An old acquaintance barely seen since primary school days, in a chance meeting recently complained that our country had yet to produce “the great South African novel”. With the 2013 Mail and Guardian Literary Festival a few short hours away, his observation was an attractive alternative to the small talk gnawing for attention at the corners of our conversation.
Appalled and mystified in equal degrees at the valid line of enquiry, I asked him what he meant by the “great South African novel”? He fired off a series of answers whose sum total escapes the memory of a mind that was blind with excitement at the prospect of three days immersed in South Africa’s finest literary offerings.
The great novel, as Dickens, or perhaps Jane Austen’s Pride and Prejudice, was to the British? There was sense of this in my acquaintance’s response. Nigerian-born literary scholar, Aghogho Akpome, in a panel discussion chaired by South African Nobel Laureate Nadine Gordimer about Chinua Achebe’s Man of the People, made a remark along these lines.
On the second day of the festival in an airy under-construction Market Theatre, he recalled that his English-teacher father would refuse to engage him in literary conversation until he had read Pride and Prejudice. Our reading culture as Africans, and the canons which we instinctively reference, are inherently Western. A moot point Akpome acknowledged. What the University of the Free State research associate was getting at however, was that there did not exist one African story or one way of telling it that was more valid than another, and that its formation could take any number of trajectories.
Gordimer herself could be said to have penned at least one the great South African novels. My acquaintance hazarded JM Coetzee or Antjie Krug as possibilities only to immediately reject them, saying the latter author was “too self-flagellating”. I thought of suggesting Njabulo Ndebele’s Fools or any works from the Sophiatown school of writers.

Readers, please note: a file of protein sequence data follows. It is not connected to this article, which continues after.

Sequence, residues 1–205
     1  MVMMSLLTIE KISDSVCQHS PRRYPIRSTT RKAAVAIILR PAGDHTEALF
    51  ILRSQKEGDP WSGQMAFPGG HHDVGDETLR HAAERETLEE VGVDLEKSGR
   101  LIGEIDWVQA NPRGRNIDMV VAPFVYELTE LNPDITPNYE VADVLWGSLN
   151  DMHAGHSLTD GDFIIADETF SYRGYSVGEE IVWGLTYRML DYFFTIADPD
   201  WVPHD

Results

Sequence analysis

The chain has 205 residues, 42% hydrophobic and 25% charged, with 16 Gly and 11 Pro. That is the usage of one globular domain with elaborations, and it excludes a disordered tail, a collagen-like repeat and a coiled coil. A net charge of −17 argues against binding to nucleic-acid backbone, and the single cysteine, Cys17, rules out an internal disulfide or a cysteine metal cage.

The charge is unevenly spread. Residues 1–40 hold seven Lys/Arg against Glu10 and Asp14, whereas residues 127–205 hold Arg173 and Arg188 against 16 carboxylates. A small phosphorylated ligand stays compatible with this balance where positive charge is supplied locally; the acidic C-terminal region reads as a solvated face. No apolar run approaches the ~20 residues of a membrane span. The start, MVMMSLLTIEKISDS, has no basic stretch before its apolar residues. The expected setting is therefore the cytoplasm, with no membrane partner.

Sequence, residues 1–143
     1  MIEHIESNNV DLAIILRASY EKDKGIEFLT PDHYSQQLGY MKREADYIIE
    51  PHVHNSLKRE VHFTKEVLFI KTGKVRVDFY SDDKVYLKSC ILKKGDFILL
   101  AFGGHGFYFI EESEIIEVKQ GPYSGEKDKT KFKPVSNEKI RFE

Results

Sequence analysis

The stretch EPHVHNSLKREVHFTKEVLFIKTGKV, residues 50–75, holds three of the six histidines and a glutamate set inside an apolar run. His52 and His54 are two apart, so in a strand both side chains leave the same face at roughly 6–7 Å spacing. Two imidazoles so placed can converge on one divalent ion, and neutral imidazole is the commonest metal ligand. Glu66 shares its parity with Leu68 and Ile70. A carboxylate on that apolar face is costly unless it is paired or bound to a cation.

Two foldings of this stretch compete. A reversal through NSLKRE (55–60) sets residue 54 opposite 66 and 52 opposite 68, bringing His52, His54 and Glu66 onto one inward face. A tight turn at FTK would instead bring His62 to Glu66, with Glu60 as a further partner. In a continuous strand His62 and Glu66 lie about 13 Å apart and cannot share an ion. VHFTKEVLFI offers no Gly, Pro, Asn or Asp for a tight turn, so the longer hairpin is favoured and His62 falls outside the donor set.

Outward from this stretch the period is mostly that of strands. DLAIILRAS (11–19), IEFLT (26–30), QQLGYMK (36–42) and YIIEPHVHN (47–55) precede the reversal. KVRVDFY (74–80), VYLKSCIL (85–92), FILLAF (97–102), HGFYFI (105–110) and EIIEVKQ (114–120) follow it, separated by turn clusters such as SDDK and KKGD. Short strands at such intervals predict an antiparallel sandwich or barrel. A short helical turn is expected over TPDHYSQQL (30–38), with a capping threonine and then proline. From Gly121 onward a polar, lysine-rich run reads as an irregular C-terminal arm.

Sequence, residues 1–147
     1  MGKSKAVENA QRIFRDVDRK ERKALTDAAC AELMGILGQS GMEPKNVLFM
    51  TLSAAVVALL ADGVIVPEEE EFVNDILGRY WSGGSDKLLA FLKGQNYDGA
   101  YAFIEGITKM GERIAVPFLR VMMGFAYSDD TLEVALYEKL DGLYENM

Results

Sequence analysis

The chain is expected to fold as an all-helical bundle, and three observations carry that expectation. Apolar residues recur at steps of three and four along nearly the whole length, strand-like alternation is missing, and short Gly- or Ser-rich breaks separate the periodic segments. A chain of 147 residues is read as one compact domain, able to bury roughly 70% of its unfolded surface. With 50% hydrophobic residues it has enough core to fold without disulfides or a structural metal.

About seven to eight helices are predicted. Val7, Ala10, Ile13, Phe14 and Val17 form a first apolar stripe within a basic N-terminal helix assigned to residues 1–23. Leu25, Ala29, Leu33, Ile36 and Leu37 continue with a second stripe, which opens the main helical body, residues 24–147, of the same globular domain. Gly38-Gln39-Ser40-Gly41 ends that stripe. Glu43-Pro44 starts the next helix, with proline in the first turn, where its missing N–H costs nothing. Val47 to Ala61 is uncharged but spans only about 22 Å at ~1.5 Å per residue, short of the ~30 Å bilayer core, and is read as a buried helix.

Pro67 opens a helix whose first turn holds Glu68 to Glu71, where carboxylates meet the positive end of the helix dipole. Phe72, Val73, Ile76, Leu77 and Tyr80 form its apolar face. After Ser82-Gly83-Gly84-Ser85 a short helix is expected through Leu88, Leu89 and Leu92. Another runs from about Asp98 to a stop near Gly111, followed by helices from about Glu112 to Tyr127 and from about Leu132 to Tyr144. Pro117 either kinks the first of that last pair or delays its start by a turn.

But after factoring in a few racial, proudly South African variables, and sensing that he was thinking of something more contemporary and light-hearted, I eventually suggested Chris van Wyk’s memoir Shirley, Goodness and Mercy. He had not read it but said he would. One might have also suggested the book by Gordimer and Akpome’s fellow panellist, Imraan Coovadia’s remarkable Institute of Taxi Poetry, which is about as South African as it gets.
The many possibilities created by the thought of “the great South African novel” beget an inevitable question, one that seemed a preoccupation of the festival as a whole if the theme, Chinua Achebe’s children: Africa’s suspended revolutions, is given due consideration.
What is the nature of the relationship between literature and society in societies on the brink of, or newly emergent from, revolution?
Chinua Achebe, the organisers seem to have been saying, had already written the great African novels. His choice as the spiritual conduit through which these questions and that of the continent’s “suspended revolutions” would be explored, then, set the scene for a confrontation: A joyful exorcism and harrowing incantation of the complexities of the times we live in. “[T]he fourth annual M&G Literary Festival aims to foster robust debate about political, social and literary revolution,” according to books editor at the Mail and Guardian Darryl Accone.
And the festival kicked-off on that urgent note with the presentation of newly installed Vice-Chancellor of the University of Witwatersrand Professor Adam Habib’s new book, South Africa’s Suspended Revoultion: Hopes and Prospects. In it, Habib suggests that “it is not the foibles or wisdom of our leaders” that will ultimately determine a prosperous future for the country. He advises rather, that it is imagination and commitment from the political elites and ordinary citizens that will forge a path to transformed society.
A score of other great South African publications and their authors were engaged on these and similar questions, with Achebe’s scorn for African leaders who have hijacked and short-circuited Africa’s revolutions as omniscient guide.
The great South African novel? Nadine Gordimer guessed the character of its author when she quoted Albert Camus: “The day I am no more than just a writer, no longer will I be a writer”.